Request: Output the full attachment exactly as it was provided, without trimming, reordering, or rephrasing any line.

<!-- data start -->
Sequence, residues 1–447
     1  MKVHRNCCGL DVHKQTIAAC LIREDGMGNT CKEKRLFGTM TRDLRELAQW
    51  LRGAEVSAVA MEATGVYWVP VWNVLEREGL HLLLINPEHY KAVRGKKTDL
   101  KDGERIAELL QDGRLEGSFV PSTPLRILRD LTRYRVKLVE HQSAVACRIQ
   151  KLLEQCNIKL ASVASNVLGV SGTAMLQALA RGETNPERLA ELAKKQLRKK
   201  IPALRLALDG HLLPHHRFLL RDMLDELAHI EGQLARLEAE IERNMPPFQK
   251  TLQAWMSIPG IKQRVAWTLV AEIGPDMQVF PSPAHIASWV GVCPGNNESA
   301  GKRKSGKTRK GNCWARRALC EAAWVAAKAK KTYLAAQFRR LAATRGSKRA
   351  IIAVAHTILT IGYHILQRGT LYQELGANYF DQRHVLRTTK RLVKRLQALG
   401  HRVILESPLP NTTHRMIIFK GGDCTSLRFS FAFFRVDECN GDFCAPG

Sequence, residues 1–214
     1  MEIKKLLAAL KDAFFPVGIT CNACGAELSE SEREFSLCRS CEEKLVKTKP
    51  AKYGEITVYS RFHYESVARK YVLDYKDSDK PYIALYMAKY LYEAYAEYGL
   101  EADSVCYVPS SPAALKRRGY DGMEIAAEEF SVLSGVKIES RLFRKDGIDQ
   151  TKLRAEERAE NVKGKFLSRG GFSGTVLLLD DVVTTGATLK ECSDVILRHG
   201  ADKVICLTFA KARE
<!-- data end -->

Sequence, residues 1–447
     1  MKVHRNCCGL DVHKQTIAAC LIREDGMGNT CKEKRLFGTM TRDLRELAQW
    51  LRGAEVSAVA MEATGVYWVP VWNVLEREGL HLLLINPEHY KAVRGKKTDL
   101  KDGERIAELL QDGRLEGSFV PSTPLRILRD LTRYRVKLVE HQSAVACRIQ
   151  KLLEQCNIKL ASVASNVLGV SGTAMLQALA RGETNPERLA ELAKKQLRKK
   201  IPALRLALDG HLLPHHRFLL RDMLDELAHI EGQLARLEAE IERNMPPFQK
   251  TLQAWMSIPG IKQRVAWTLV AEIGPDMQVF PSPAHIASWV GVCPGNNESA
   301  GKRKSGKTRK GNCWARRALC EAAWVAAKAK KTYLAAQFRR LAATRGSKRA
   351  IIAVAHTILT IGYHILQRGT LYQELGANYF DQRHVLRTTK RLVKRLQALG
   401  HRVILESPLP NTTHRMIIFK GGDCTSLRFS FAFFRVDECN GDFCAPG

Sequence, residues 1–214
     1  MEIKKLLAAL KDAFFPVGIT CNACGAELSE SEREFSLCRS CEEKLVKTKP
    51  AKYGEITVYS RFHYESVARK YVLDYKDSDK PYIALYMAKY LYEAYAEYGL
   101  EADSVCYVPS SPAALKRRGY DGMEIAAEEF SVLSGVKIES RLFRKDGIDQ
   151  TKLRAEERAE NVKGKFLSRG GFSGTVLLLD DVVTTGATLK ECSDVILRHG
   201  ADKVICLTFA KARE